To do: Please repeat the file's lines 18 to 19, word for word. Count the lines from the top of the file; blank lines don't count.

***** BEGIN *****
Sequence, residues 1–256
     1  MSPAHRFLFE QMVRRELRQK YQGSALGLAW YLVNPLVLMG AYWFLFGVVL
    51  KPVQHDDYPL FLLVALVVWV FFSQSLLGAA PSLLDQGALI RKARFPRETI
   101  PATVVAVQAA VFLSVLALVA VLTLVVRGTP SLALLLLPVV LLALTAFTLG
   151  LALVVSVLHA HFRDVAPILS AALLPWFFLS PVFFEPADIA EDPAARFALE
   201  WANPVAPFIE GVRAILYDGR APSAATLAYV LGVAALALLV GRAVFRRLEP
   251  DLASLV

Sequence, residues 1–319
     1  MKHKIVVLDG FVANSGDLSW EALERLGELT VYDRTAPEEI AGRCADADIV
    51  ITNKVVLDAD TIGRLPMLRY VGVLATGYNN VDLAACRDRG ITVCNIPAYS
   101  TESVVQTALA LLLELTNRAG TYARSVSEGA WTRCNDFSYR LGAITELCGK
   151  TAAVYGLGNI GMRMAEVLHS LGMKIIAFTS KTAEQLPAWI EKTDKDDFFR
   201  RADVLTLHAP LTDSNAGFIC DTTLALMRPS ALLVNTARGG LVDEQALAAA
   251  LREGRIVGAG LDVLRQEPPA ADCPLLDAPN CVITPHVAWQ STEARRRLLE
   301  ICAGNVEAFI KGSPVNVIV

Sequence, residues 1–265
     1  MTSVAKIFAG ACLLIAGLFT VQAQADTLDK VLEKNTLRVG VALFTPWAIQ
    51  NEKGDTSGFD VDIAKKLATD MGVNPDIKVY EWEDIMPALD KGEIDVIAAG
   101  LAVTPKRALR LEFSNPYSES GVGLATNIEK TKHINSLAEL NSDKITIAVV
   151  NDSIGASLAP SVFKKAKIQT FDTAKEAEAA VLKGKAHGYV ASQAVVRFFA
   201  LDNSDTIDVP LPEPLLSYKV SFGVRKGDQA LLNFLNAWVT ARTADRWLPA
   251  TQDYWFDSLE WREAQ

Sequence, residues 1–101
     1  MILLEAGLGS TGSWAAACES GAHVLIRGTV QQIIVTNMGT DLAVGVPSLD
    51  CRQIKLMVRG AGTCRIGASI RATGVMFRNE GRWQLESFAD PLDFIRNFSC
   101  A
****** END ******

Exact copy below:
    51  NEKGDTSGFD VDIAKKLATD MGVNPDIKVY EWEDIMPALD KGEIDVIAAG
   101  LAVTPKRALR LEFSNPYSES GVGLATNIEK TKHINSLAEL NSDKITIAVV